Ask Eartha: Odor-free indoor composting options
September 19, 2012
Are there any good indoor composting options that won’t stink up my entire house?
– Susan, Frisco
Susan, that sounds like a question that is on many people’s minds. With the leaves changing, the temperatures dropping and snow on its way, an outdoor compost pile might seem like a daunting task. There are many options available for you to compost indoors without any adverse smell.
A close friend recommended a sleek machine made by Nature Mill. It’s a nifty little composter that can hang out in your kitchen or garage. A complete high mountain waste reduction system!
About as big as a small trash compactor or a large computer tower, this magic composting box is silent as it works but speaks volumes for its ability. You can proudly show off your 30-gallon barrel of rich, dark compost ready to go for spring. Years of composting? Nope, just a winter season.
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Always the skeptic of fairy tale endings for our environmental problems, I assumed this machine drew enough power to run a 50″ flat screen TV. Trying not to sound like an eco-snob, I gently asked my friend how this magic machine impacted their power bill.
Again to my surprise, I found out that this machine only draws 5 kwh per month or about $0.50 per month (perhaps comparable to a coffee maker that’s used regularly). Its even Energy Star certified!
So let’s take a look at how this composting machine works. As many a bumper sticker will tell you, “compost happens” and its true – compost happens on its own in nature. With air, moisture, some carbon (like paper or sawdust), some nitrogen (like food scraps or plant trimmings), maybe some heat, and some of the ever present microbes and little bugs, biodegradation will simply occur.
The Nature Mill machine takes all of those necessary ingredients and makes them happen under your cabinet – or in your garage. Using a dual-chamber system, the machine slowly mixes air and moisture into your pile of food scraps. Using heat to speed up the process and keep it active, the perfect conditions for composting occur. In about two weeks, the finished material drops to the bottom chamber where it’s ready to be emptied.
Because the Nature Mill composter uses constant aeration (mixing with air) and heat controls to create the ideal climate for composting to occur, you can even put dairy products, egg shells, meat and fish in the bin. It does come with some “starter” granules to kick start the process and replaceable filters, so there is some maintenance required to achieve these results.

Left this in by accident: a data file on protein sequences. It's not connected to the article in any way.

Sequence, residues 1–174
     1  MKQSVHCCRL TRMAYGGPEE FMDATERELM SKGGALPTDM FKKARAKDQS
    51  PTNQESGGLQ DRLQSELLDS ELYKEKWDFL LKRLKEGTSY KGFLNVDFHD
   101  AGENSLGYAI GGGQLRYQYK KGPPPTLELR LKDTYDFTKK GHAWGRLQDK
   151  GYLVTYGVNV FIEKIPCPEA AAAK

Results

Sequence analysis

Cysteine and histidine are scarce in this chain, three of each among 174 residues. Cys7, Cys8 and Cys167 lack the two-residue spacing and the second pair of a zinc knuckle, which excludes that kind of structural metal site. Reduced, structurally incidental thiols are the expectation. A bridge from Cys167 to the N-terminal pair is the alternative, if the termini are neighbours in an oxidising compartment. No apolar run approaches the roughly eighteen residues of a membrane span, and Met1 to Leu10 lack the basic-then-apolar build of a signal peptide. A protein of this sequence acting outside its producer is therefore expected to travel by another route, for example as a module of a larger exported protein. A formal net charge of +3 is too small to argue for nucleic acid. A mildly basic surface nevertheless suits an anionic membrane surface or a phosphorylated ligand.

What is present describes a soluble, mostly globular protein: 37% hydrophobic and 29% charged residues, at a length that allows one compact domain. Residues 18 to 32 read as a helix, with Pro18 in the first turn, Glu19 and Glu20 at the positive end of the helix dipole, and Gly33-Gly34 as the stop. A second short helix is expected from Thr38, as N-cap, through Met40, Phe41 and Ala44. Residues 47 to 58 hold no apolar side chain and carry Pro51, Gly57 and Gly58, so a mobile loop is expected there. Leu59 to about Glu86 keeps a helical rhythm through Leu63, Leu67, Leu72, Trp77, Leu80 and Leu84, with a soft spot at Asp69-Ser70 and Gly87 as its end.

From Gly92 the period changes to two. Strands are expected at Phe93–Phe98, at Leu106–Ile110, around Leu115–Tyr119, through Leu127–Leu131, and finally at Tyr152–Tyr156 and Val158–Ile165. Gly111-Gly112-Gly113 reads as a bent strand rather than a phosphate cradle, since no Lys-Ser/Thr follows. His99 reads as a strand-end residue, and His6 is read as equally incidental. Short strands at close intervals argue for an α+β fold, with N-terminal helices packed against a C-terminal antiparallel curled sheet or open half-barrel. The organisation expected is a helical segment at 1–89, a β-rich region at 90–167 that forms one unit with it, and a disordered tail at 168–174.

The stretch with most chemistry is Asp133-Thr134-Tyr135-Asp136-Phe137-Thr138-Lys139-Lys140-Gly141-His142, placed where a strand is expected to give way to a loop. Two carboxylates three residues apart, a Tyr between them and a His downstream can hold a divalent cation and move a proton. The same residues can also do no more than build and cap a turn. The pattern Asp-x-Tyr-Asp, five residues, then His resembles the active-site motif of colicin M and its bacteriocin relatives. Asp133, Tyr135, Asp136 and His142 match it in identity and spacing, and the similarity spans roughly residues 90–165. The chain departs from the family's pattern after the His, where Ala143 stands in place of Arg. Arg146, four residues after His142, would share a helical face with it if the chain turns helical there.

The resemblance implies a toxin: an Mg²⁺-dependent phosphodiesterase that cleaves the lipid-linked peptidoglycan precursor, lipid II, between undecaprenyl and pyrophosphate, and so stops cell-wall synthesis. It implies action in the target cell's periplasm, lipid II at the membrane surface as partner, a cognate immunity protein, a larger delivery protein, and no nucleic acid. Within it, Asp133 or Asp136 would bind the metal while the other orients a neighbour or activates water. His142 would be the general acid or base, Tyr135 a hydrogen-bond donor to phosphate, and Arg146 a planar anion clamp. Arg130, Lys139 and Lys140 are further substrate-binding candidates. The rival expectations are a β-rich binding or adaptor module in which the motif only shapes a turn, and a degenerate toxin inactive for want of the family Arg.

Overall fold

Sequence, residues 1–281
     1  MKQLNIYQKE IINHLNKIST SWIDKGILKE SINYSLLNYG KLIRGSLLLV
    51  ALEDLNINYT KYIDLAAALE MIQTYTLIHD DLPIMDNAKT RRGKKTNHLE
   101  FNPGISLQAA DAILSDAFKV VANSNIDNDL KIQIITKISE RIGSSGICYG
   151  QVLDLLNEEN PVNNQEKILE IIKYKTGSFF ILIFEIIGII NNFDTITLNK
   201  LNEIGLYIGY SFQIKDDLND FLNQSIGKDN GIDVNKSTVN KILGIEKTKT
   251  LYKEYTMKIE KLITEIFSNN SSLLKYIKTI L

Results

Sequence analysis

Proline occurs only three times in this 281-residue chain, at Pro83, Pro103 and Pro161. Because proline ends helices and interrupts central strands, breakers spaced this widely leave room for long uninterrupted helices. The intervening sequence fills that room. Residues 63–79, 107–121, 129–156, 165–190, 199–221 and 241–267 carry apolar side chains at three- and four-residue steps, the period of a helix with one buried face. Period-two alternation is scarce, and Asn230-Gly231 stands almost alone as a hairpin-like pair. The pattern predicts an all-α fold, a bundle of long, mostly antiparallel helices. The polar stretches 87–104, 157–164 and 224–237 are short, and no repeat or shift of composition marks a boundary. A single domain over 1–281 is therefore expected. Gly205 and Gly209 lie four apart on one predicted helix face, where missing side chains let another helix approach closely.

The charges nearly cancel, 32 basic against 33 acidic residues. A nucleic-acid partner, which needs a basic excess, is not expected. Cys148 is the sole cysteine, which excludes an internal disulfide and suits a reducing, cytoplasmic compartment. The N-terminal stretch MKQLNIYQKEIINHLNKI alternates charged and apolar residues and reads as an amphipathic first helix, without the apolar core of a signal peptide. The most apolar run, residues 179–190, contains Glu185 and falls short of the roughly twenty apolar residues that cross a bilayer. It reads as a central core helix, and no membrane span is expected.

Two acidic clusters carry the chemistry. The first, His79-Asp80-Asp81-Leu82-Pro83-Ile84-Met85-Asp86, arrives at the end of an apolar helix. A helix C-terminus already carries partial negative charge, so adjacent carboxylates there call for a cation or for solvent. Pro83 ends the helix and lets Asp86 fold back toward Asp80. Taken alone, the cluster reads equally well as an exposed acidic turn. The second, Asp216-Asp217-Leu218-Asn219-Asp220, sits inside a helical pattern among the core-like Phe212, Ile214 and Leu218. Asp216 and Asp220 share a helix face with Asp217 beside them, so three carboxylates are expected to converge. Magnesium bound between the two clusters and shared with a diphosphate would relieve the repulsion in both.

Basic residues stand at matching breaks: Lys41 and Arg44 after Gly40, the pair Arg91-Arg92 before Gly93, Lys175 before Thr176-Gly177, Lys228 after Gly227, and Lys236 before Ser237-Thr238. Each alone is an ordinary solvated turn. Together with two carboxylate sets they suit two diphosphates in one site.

Ah, but what about the smell? Well, honestly, I wouldn’t say there was zero odor emitted from this composting machine as some of the advertising claims say. There was a slight scent of earthiness, but nothing like the rancid eye-watering smell of a compost bin gone-bad or the tell-tale sulfur odor of an anaerobic compost pile.
Overall, the Nature Mill composter is a great solution to year-round composting in our cold mountain environment. And it almost does seem like a magic black box. The composting process literally eats (or more correctly, converts into water vapor) 70 percent of the volume of material that you put in there! When you think that most of our household garbage is in fact compostable (some estimates say 70 percent or more), the $300 or so that it costs to purchase this mechanized composter seems well worth it.
Another tried-and-true indoor composting method is vermicomposting, or composting with worms. Worms eat food scraps in a small container (that could go in your laundry room or under your kitchen sink), and their waste becomes an incredibly rich soil amendment. This option also creates minimal smell, though a little bit of earthy or soil odor may occur. It’s easy to get started and requires only the purchase of some worms and a Tupperware bin.
For more the Nature Mill composter, check out http://www.naturemill.com. And for a simpler vermicomposting solution, we at HC3 can help you order worms and provide guidance to get you started, so just stop by or shoot me an email.
Ask Eartha Steward is written by the staff at the High Country Conservation Center, a nonprofit organization dedicated to waste reduction and resource conservation. Submit questions to Eartha at firstname.lastname@example.org.